English expresses the first person future with three words: “I shall return” and so on. Spanish expresses the first person future in a single word:

No tardaré en visitar de nuevo las ruinas del castillo de Faussesflammes; volveré a bajar a las criptas bajo la losa triangular. Pero, pese a la proximidad de Perigon, pese a mi estima por el abad Hilaire, mi gratitud por dejarme consultar su inigualable biblioteca, no pensaré en volver a visitarlo.

No tardaré means “I shall not delay”; volveré means “I shall turn”; no pensaré means “I shall not think”. There is no first-person pronoun, because none is needed: the first person is explicitly marked in the verb. From an English- or French-speaker’s point of view, there’s something strange about the conciseness and precision of Spanish, which better suit the strangeness of Smith’s imagination and his desire to lift us out of the everyday and transport us elsewhere – or elsewhither. And there’s a stronger strangeness in Spanish because of its many borrowings from Arabic. Spanish is a language forged on a frontier between east and west, where culture and conflict have shifted and swirled.

All these things – and more – make Spanish a good language to read Clark Ashton Smith in. But perhaps Spanish would be even better suited to Smith’s Tales of Zothique, set in the final days of Earth under a swollen and scorching sun. You understand Zothique better when you’ve experienced for yourself the heat and light of California, where Smith was born and spent the whole of his life. And California – the “hot furnace” – was founded by Spaniards. But if Spanish might be best for the Tales of Zothique, that doesn’t make it any less good for these Tales of Averoigne. I enjoyed Cuentos de Averoigne a lot, and perhaps more so because I don’t read Spanish fluently. I stumble and crawl by comparison with my reading in English.

When you have to concentrate on what you’re reading, the ideas and images bloom in your head with brighter colours and sweeter perfumes – or stronger stenches, as the case may be. You can find both perfumes and stenches in the stories of Clark Ashton Smith, a wizard with words who deserves to be far better known but perhaps is too skilful and subtle a writer to become so. This book proves that his skill and subtlety can survive in translation, and also proves that translation can even overturn the central theme of one of Smith’s greatest stories, “The Last Incantation”. In that story, not set in Averoigne or Zothique, the ancient and mighty wizard Malygris discovers that he can’t re-conjure a lost love and see the world again through the eyes of youth.

But the word-magic of this translation allowed me to read Clark Ashton Smith again with the eyes of youth. When I first read “The Colossus of Ylourgne” in English back in the 1980s, I marvelled at the grandeur and grotesqueness of his imagination:

Gaspard had seen certain of the experiments and evocations of Nathaire, and was all too familiar with the appurtenances of the dark arts. Within certain limits, he was not squeamish; nor was it likely that he would have been terrified overmuch by the shadowy, uncouth shapes of demons who toiled in the pit below him side by side with the blackclad pupils of the sorcerer. But a cold horror clutched his heart when he saw the incredible, enormous thing that occupied the central floor: the colossal human skeleton a hundred feet in length, stretching for more than the extent of the old castle hall; the skeleton whose bony right foot the group of men and devils, to all appearance, were busily clothing with human flesh!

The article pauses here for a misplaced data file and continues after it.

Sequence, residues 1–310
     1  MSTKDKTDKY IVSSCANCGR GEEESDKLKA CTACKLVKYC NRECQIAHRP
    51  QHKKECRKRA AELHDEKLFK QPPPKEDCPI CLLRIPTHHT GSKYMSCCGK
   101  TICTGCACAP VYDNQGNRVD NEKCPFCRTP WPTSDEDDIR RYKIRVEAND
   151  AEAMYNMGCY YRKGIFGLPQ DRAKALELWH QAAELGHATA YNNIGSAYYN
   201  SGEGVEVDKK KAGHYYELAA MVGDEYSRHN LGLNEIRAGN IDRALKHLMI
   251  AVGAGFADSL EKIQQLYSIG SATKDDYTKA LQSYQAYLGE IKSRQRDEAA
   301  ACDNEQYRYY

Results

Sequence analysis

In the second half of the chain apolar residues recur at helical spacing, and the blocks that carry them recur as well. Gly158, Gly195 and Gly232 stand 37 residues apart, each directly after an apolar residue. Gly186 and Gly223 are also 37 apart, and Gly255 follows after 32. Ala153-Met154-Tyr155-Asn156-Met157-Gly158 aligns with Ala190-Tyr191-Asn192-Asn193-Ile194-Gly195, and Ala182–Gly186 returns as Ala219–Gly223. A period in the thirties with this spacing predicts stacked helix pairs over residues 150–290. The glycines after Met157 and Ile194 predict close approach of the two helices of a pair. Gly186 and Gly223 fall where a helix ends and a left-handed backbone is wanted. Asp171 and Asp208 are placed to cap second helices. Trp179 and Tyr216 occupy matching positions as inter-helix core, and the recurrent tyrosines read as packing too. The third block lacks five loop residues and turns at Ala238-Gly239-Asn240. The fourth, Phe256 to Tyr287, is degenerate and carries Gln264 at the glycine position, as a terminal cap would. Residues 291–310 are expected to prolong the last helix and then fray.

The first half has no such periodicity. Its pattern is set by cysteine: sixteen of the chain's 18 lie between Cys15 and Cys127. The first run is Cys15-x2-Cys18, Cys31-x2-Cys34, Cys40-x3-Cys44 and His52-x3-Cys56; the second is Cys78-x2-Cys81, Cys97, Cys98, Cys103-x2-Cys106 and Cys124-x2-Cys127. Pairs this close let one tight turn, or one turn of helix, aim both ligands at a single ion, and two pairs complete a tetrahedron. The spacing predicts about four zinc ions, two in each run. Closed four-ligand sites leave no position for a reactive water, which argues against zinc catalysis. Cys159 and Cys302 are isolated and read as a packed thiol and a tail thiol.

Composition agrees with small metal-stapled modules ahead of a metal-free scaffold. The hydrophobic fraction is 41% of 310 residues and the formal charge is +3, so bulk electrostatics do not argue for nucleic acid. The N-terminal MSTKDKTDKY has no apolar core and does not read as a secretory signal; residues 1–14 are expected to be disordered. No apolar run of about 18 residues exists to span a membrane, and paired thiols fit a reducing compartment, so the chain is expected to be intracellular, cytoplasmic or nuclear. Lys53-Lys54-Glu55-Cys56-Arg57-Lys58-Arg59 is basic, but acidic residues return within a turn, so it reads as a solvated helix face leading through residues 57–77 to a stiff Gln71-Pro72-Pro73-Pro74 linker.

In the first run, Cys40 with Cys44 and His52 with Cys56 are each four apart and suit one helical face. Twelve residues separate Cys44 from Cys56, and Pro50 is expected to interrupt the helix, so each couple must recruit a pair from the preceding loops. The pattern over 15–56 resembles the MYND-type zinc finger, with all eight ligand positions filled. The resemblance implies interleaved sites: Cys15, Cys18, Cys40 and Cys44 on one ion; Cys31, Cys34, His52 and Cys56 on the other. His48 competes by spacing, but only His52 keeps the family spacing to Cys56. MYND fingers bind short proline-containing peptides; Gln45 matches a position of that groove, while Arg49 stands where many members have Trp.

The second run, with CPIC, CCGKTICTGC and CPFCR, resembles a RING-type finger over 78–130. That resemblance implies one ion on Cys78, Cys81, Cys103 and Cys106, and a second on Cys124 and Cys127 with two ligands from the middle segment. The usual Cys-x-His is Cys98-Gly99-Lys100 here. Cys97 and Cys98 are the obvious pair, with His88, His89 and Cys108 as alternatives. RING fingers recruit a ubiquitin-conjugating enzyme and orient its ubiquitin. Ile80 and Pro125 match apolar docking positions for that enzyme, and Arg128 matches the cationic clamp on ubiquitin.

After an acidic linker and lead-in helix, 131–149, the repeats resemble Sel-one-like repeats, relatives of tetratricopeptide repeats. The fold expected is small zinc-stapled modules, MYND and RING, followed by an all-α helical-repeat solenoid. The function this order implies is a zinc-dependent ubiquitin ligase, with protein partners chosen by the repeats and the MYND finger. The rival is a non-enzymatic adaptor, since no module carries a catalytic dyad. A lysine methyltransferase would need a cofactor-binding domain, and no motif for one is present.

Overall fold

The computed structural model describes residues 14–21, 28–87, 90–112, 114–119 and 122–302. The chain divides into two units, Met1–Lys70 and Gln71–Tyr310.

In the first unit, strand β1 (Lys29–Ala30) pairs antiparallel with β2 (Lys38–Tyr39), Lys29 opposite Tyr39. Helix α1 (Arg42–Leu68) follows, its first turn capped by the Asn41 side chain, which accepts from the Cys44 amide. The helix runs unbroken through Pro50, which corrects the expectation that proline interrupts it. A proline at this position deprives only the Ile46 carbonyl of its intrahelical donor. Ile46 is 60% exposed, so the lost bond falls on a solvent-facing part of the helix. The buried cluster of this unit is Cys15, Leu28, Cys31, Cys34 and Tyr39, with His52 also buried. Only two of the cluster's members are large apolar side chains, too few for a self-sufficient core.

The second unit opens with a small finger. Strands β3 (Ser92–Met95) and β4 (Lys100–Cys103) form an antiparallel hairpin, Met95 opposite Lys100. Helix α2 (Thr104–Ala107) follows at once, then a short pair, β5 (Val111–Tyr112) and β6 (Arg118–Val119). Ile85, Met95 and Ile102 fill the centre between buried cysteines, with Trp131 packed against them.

But how could I read that story for the first time again? I couldn’t. At least, I couldn’t in English. But I could in Spanish, and I could marvel again at Smith’s grandeur and grotesqueness:

Como discípulo de Nathaire, Gaspard había visto numerosos rituales y sortilegios, además de estar familiarizado con la nigromancia. Hasta cierto límite, no era escrupuloso ni se echaba a correr porque hubiese visto sombras, figuras de demonios y otras criaturas deambulando por el suelo o surcando el aire de la estancia. Pero un gélido horror le paralizó el corazón cuando reparó en aquella cosa increíble, descomunal, que ocupaba el centro de la planta: un colosal esqueleto humano de más de treinta metros cuyo tamaño superaba el de la planta del viejo vestíbulo. Y hombres y demonios, arremolinados en torno al pie derecho, ¡sin lugar a dudas, lo estaban revistiendo con carne humana!

Clark Ashton Smith is a hidden treasure, an epicure’s delight, and it’s good that Spanish-speaking epicures can now discover more of his greatness in the pages of this book. The translator Enric Navarro and the publisher Pickman’s Press are to be congratulated on this act of homage to a giant – or should that be colossus? – of fantastic literature.

Read Full Post »

The Law Of Chaos by Jeff GardinerThis is a guest-post by Zac Ziali…

The Law of Chaos: The Multiverse of Michael Moorcock, Jeff Gardiner (Visceral Visions 2014)

Wow. To be honest, I was gobsmacked when I saw that a book interrogating issues around Michael Moorcock was appearing through Visceral Visions (a proud and passionate imprint of Headpress Journal). I would never have guessed that a writer as good as Mike would appeal to anyone in the Headpress community. Plus, Moorcock fans tend to be of feral intelligence and fetid individuality – neither of which qualities have I particularly associated with Headpresseans in the past…

It just goes to show how you can misjudge folk, no? Anyhow, that radical overturning of my twisted preconceptions aside, what’s the book like, hermeneutically speaking? Mike Moorcock has (as you might expect) received a lot of attention from some p-r-e-t-t-y high-powered academic folk in recent decades (e.g. Miriam Stimbers*). Would Jeff Gardiner be able to say anything new? And (equally importantly) would he be able to say it in accessible prose? Thankfully, the answers are “Damn” and “Right”. Whether you’re a fan of pastily pathogenic Stormbringer-swinger Elric of Melniboné and other figures in the “Eternal Champion” series and/or of Moorcock’s “serious” literary fiction (Mother London, Pascaglione Turnside), this study of his work has to be classified under “Essential Reading”.